Exenatide, a Glucagon-like Peptide Receptor Agonist, Acutely Inhibits Intestinal Lipoprotein Production in Healthy Humans
Objective—Incretin-based therapies for the treatment of type 2 diabetes mellitus improve plasma lipid profiles and postprandial lipemia, but their exact mechanism of action remains unclear. Here, we examined the acute effect of the glucagon-like peptide-1 receptor agonist, exenatide, on intestinal and hepatic triglyceride-rich lipoprotein production and clearance in healthy humans.
Methods and Results—Fifteen normolipidemic, normoglycemic men underwent 2 studies each (SC 10 μg exenatide versus placebo), 4 to 6 weeks apart, in random order, in which triglyceride-rich lipoprotein particle kinetics were examined with a primed, constant infusion of deuterated leucine and analyzed by multicompartmental modeling under pancreatic clamp conditions. A fed state was maintained during each study by infusing a high-fat, mixed macronutrient, liquid formula at a constant rate directly into the duodenum via a nasoduodenal tube. Exenatide significantly suppressed the plasma concentration and production rate of triglyceride-rich lipoprotein-apolipoprotein B-48, but not of triglyceride-rich lipoprotein-apolipoprotein B-100.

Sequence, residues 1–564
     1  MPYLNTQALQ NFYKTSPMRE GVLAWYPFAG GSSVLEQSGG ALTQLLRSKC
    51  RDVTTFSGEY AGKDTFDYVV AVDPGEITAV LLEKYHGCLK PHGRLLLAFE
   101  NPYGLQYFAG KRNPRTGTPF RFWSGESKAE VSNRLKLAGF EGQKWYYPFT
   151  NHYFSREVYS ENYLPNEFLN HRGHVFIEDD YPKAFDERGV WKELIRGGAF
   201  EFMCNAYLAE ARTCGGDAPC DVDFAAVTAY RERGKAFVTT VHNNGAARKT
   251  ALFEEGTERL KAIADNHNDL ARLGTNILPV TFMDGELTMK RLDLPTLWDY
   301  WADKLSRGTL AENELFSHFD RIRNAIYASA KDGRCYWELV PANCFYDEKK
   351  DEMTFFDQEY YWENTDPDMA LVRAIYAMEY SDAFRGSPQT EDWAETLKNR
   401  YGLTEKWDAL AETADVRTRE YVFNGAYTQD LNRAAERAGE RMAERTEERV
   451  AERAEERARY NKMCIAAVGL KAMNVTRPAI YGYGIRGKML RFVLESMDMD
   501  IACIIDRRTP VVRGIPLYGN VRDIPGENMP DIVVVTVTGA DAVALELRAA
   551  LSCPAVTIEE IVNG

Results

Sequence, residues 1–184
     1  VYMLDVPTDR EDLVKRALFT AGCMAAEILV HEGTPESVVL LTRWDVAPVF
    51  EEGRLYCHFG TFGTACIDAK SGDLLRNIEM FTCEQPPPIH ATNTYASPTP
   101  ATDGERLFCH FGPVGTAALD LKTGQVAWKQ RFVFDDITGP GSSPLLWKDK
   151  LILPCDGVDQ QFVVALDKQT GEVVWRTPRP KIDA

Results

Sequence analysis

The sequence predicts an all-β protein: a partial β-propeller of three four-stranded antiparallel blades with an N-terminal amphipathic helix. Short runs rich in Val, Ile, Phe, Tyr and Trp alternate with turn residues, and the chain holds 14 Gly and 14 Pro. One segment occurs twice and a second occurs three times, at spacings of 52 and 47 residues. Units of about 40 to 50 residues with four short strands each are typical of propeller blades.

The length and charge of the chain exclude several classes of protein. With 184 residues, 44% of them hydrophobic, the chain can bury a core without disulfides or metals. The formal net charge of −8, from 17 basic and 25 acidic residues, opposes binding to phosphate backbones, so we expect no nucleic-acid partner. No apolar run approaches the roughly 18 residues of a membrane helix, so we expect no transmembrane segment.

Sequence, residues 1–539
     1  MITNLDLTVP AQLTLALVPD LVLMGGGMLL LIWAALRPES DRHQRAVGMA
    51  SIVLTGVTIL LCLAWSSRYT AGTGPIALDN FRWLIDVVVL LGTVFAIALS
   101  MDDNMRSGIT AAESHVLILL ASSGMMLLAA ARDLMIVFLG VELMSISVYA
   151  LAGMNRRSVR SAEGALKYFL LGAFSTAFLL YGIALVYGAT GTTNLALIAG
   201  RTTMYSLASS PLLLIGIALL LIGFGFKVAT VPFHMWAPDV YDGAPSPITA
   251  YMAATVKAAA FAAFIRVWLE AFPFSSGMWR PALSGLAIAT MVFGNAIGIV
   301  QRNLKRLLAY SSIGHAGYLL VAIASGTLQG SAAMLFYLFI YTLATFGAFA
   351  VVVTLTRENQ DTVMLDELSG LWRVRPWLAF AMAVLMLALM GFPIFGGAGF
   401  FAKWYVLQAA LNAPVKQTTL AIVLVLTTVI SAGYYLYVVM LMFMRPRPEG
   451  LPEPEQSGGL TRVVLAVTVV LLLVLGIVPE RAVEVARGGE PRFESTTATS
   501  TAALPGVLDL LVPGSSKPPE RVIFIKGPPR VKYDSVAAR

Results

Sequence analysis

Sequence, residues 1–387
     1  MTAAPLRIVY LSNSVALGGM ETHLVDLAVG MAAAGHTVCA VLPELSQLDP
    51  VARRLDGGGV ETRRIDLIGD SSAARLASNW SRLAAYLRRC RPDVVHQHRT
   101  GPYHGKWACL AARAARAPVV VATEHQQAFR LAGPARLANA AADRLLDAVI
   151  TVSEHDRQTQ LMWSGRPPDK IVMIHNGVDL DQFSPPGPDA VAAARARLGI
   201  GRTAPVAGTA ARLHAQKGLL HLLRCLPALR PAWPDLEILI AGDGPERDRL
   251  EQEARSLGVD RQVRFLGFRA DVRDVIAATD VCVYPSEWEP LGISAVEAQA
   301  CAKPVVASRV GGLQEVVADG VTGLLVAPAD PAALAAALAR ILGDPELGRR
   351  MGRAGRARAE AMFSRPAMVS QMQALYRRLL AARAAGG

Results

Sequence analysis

Conclusions—These results suggest a possible direct effect of exenatide on intestinal lipoprotein particle production, independent of changes in weight gain and satiety as seen in long-term studies and independent of changes in gastric emptying. This finding expands our understanding of the effects of exenatide in metabolic regulation beyond its primary therapeutic role in regulation of glucose homeostasis.
- Received January 25, 2012.
- Accepted February 21, 2012.
- © 2012 American Heart Association, Inc.